Each state has formulated statutes (the town and country planning statute or the municipal act, of the relevant state), which govern the planning and development of the state or part thereof. These plans are generally called the master plan or comprehensive development plan. The master plan, inter alia, consists of a series of maps and documents indicating the manner in which the development and improvement of the entire planning area is proposed and includes zoning of land use (residential, commercial, industrial, agricultural, public and semi-public, etc) and other purposes together with the zoning regulations; a complete street pattern, indicating major and minor roads, highways for meeting immediate and future requirements with proposals for improvements; areas reserved for parks, playgrounds and other recreational uses, public open spaces, public buildings/heritage buildings as may be required for new civic developments; and reservation of land for the central government, state government, planning authority or public utility undertaking, or any other authority.

Planning authorities are constituted under the statutes for implementation and governing of zoning regulations for orderly development of a state. Considering the changing dynamics of a city, every state facilitates the updating and revising of an existing master plan at least once in every ten years by carrying out a fresh survey of the area within its jurisdiction with a view to revising the existing master plan, indicating the manner in which the development and improvement of the entire planning area is proposed.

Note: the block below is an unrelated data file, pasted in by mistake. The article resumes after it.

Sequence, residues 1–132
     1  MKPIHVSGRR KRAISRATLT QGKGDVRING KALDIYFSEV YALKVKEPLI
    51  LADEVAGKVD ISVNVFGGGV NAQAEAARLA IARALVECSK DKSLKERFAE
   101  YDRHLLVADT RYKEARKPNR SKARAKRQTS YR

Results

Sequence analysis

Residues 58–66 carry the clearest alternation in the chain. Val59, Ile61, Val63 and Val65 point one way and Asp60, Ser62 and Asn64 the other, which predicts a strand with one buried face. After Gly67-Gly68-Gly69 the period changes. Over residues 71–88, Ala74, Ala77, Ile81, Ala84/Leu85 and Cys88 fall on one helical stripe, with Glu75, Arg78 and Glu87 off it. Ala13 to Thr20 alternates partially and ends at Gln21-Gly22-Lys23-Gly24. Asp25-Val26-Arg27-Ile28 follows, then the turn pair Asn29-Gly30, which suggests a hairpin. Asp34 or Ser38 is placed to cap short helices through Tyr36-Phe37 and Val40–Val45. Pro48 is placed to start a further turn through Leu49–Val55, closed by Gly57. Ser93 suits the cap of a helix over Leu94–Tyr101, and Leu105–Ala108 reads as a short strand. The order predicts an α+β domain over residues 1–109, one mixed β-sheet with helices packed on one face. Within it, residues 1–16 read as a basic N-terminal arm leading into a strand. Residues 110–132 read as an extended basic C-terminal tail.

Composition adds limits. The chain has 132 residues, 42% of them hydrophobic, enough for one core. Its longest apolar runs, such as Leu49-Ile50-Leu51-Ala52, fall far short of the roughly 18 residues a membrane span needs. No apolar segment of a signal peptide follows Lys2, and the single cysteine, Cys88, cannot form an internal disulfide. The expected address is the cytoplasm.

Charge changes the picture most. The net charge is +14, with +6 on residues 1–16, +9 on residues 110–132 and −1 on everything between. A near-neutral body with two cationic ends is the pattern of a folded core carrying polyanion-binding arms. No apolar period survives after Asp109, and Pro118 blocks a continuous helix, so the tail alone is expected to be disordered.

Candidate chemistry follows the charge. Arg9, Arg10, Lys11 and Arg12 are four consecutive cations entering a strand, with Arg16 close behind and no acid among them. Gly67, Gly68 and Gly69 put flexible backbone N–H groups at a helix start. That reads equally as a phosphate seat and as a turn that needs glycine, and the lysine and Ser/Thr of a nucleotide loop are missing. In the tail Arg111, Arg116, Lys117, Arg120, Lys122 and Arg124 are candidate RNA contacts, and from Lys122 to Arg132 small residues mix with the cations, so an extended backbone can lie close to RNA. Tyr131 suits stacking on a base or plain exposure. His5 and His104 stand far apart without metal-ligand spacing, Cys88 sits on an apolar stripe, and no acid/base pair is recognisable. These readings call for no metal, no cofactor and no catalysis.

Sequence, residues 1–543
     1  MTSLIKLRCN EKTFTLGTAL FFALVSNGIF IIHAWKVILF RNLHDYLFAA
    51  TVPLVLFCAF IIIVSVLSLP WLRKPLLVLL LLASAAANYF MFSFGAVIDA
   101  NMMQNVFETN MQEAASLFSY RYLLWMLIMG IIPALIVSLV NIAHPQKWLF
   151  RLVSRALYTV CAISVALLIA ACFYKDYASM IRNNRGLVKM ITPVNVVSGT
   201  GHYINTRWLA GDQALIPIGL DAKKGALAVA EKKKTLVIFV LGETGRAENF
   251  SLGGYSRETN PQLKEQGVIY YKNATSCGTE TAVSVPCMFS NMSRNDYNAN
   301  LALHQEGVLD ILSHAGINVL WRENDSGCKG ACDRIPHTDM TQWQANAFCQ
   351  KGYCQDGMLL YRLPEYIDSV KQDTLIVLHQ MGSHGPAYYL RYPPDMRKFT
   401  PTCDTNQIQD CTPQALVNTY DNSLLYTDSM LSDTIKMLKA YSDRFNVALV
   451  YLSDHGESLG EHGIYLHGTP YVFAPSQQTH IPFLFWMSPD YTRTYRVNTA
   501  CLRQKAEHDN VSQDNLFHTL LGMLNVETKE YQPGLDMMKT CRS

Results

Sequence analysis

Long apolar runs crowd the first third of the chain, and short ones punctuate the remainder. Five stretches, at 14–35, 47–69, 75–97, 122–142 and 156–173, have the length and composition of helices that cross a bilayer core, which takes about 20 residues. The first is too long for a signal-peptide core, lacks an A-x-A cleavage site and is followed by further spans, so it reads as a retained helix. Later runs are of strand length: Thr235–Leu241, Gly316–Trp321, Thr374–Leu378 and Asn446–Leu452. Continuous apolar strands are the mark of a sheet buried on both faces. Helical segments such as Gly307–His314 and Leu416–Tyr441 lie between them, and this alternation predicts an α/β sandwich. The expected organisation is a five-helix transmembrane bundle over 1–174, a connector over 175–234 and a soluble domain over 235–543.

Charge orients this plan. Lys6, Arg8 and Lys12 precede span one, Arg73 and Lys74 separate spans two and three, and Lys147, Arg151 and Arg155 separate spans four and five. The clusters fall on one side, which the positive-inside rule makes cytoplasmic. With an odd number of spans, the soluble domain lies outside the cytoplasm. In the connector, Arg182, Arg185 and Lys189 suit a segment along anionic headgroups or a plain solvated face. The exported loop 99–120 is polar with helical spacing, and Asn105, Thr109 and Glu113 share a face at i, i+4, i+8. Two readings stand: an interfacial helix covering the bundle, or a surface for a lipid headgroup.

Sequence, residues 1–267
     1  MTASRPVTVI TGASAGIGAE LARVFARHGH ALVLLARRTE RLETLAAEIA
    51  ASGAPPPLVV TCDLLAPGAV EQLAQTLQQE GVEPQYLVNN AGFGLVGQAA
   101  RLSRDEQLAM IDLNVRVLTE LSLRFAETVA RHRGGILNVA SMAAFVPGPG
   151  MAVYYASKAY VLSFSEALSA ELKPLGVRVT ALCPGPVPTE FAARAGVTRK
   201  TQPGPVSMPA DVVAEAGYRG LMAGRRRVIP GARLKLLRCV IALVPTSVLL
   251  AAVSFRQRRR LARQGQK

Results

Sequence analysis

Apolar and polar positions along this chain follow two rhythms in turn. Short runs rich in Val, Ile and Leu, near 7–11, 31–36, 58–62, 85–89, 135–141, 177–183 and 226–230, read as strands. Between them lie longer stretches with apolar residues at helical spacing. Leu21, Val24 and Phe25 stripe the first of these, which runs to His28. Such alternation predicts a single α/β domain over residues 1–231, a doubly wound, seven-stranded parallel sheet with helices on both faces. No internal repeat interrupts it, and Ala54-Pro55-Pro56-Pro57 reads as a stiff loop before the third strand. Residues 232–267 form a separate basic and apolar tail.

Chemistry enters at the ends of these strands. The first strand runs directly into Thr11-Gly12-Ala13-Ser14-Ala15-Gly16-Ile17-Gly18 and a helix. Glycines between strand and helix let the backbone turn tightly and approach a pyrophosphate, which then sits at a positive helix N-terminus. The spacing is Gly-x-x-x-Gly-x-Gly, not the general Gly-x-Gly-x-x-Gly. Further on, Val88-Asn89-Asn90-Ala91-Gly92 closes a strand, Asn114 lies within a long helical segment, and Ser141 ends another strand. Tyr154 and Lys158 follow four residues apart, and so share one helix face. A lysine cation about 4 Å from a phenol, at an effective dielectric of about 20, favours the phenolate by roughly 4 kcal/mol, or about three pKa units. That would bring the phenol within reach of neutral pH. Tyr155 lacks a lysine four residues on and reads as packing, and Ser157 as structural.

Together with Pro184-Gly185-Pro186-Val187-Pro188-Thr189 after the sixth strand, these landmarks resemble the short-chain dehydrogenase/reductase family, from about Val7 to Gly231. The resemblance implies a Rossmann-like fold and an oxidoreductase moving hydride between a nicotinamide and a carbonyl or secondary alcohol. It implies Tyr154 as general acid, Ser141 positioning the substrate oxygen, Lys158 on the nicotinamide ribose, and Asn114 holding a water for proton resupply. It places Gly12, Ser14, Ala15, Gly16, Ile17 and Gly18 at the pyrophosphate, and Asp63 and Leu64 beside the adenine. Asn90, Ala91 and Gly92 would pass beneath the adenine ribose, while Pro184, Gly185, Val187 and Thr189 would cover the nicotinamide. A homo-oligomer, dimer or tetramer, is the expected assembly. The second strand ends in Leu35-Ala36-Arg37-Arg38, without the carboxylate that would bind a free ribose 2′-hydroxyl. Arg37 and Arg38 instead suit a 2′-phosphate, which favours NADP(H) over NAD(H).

Certain states facilitate acquisition of lands by government organisations or agencies for industrial and residential developments. The developments in such areas are mainly governed by the rules and regulations framed by such government organisations/agencies.

Any change in the zoning regulations will require the prior consent of the state government, which process is time consuming and, in most cases, not forthcoming.

Construction of new buildings and refurbishments in any state is governed by the National Building Code, the applicable town and country planning statute, and the municipal law applicable, including the building by-laws framed by the respective planning authorities. The building regulations bear out that various approvals are required to be obtained from different authorities for construction or for refurbishment of buildings. The development is also required to be in compliance with the zoning regulations and building by-laws. Building by-laws, inter alia, provide the guidelines for set-backs required to be provided for a building and height restrictions of the building depending upon the location of the development. Consents from the pollution control board, environmental department, fire department, water supply and sewerage board, and electricity board are also required to be obtained.

The zoning regulations sometimes have provisions for protection and reservation of properties that are identified as heritage properties.